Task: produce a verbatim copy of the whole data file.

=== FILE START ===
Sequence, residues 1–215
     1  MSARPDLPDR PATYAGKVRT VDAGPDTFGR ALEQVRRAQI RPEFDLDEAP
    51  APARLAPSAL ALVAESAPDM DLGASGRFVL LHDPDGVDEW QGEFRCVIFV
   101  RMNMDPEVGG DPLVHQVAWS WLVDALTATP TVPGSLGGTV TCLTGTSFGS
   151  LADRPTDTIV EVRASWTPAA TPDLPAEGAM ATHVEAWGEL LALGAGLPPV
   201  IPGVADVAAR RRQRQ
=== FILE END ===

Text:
Sequence, residues 1–215
     1  MSARPDLPDR PATYAGKVRT VDAGPDTFGR ALEQVRRAQI RPEFDLDEAP
    51  APARLAPSAL ALVAESAPDM DLGASGRFVL LHDPDGVDEW QGEFRCVIFV
   101  RMNMDPEVGG DPLVHQVAWS WLVDALTATP TVPGSLGGTV TCLTGTSFGS
   151  LADRPTDTIV EVRASWTPAA TPDLPAEGAM ATHVEAWGEL LALGAGLPPV
   201  IPGVADVAAR RRQRQ